Tug master drowns after tender he was operating capsizes in surf

Jul 21, 2008 12:00 AM

A tugboat captain working offshore in Guam was killed when his small tender capsized in heavy surf. The Coast Guard said the captain couldn’t swim and wasn’t wearing a life vest.
James Scarborough, 31, drowned as a result of the accident that occurred at 0530 on April 4, the Coast Guard said.


Scarborough was the captain of the oceangoing tug June T, which was involved in a wastewater-pipe project in Hagatna Boat Basin. He and one of his crew were on their way out to the tug in the 25-foot tender for a routine crew change when the casualty happened.

“There were some pretty good breaking waves that day — about 6 feet,” said Coast Guard investigator Lt. Marcus Hirschberg. “Their boat got caught broadside by one of the waves coming in. The boat capsized, and (Scarborough) was not wearing a life jacket, and he couldn’t swim.”

The other crewman, who was wearing a life jacket, was able to swim to shore in the darkness. He was taken to a hospital, where he was treated for minor injuries.

Scarborough was piloting the boat on the half-mile voyage out toward the Philippine Sea to the tug anchorage. He had been the captain of June T for over a year, Hirschberg said. The crews frequently used the 25-foot boat with a small cabin for their crew changes.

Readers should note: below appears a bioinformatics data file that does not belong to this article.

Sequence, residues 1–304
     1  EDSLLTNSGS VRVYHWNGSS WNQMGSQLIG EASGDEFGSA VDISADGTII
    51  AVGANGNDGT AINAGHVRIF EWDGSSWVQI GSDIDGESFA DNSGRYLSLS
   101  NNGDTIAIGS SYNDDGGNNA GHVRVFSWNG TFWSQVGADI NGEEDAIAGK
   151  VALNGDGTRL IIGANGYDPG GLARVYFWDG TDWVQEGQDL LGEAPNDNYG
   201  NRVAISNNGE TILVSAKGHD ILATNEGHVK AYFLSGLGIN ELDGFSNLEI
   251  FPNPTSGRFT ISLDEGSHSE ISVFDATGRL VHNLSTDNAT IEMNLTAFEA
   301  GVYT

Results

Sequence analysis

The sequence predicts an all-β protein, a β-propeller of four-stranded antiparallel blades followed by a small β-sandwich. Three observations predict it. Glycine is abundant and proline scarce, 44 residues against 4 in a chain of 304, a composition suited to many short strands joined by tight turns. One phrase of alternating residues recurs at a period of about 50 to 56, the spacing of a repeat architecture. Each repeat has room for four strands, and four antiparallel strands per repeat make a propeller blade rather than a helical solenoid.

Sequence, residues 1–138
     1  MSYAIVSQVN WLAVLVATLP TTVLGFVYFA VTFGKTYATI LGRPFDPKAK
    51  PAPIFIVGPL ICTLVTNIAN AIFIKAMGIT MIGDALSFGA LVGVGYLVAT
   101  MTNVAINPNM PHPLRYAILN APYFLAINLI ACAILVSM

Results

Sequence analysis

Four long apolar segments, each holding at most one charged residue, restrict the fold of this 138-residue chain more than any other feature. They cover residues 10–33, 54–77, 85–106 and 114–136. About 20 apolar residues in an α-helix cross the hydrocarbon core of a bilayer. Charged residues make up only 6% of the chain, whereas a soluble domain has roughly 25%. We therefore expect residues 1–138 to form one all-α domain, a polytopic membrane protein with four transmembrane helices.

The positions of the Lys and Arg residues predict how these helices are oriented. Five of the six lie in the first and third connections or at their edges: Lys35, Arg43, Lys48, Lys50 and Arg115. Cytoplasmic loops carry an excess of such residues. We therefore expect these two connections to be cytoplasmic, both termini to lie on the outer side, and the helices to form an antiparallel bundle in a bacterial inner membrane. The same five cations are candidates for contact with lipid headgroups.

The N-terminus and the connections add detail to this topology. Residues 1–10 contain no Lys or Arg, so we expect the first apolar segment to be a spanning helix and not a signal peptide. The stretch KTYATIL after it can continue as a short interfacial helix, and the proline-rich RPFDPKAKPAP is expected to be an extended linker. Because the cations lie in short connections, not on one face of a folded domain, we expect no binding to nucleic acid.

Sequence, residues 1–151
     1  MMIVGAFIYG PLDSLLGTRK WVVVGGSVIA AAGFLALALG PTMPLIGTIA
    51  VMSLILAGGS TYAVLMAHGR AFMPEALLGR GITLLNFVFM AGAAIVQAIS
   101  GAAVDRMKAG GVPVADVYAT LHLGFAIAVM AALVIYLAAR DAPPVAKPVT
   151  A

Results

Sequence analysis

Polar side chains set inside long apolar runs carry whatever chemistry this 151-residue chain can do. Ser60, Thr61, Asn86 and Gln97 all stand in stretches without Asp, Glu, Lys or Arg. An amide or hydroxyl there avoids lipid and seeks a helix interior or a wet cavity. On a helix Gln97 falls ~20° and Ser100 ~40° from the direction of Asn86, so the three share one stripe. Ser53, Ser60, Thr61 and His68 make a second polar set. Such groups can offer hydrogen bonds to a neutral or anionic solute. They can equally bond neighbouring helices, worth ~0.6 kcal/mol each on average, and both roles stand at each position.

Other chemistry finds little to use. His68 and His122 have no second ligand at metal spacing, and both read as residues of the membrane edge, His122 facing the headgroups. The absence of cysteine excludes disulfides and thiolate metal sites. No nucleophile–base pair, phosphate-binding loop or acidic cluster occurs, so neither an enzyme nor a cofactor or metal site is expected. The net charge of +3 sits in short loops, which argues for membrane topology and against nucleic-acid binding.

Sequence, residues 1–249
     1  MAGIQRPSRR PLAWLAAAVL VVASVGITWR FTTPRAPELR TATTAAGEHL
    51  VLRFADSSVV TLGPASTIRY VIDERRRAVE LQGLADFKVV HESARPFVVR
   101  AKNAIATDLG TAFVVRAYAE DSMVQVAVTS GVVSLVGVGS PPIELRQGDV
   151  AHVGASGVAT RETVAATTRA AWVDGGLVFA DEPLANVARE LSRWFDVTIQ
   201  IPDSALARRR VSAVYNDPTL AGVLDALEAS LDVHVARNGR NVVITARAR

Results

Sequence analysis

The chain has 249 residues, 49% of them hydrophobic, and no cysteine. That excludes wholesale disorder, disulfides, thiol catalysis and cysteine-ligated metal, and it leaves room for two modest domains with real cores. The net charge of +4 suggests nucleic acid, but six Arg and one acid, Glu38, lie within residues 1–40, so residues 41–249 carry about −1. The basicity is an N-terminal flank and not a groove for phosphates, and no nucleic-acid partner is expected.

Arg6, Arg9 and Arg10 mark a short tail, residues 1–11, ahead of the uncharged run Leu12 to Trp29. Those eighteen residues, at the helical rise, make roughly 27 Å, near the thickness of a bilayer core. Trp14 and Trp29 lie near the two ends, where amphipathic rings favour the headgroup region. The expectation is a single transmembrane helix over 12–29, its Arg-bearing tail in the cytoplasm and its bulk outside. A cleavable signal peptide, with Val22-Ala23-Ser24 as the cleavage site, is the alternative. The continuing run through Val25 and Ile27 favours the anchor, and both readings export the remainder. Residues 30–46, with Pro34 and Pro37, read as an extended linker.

The capsizing happened about 200 yards from shore near a breakwater, in the vicinity of a buoy that marks the harbor entrance.

Scarborough’s body was found the next day in about 45 feet of water. A medical examiner’s autopsy revealed that he had drowned very quickly. The water temperature was 83 degrees.
The 186-foot June T was operating as part of a Guam Waterworks Authority project to install new pipes for treated sewage at Hagatna, the territory’s capital. The U.S.-flagged tug had a role in another casualty there just four months earlier, when its barge Tamara 5 went aground atop a coral reef and four crew ended up in the water. All were rescued.

June T is owned and operated by the construction contractor IBC Guam, according to the Coast Guard and the GWA.

Hirschberg said the incident illustrates the importance of caution and the wearing of life vests when operating in or around surf. “One should be extremely cautious when approaching those breaking waves — and wearing the proper life jackets,” Hirschberg said.
Scarborough, a resident of Guam, was a native of Mississippi.
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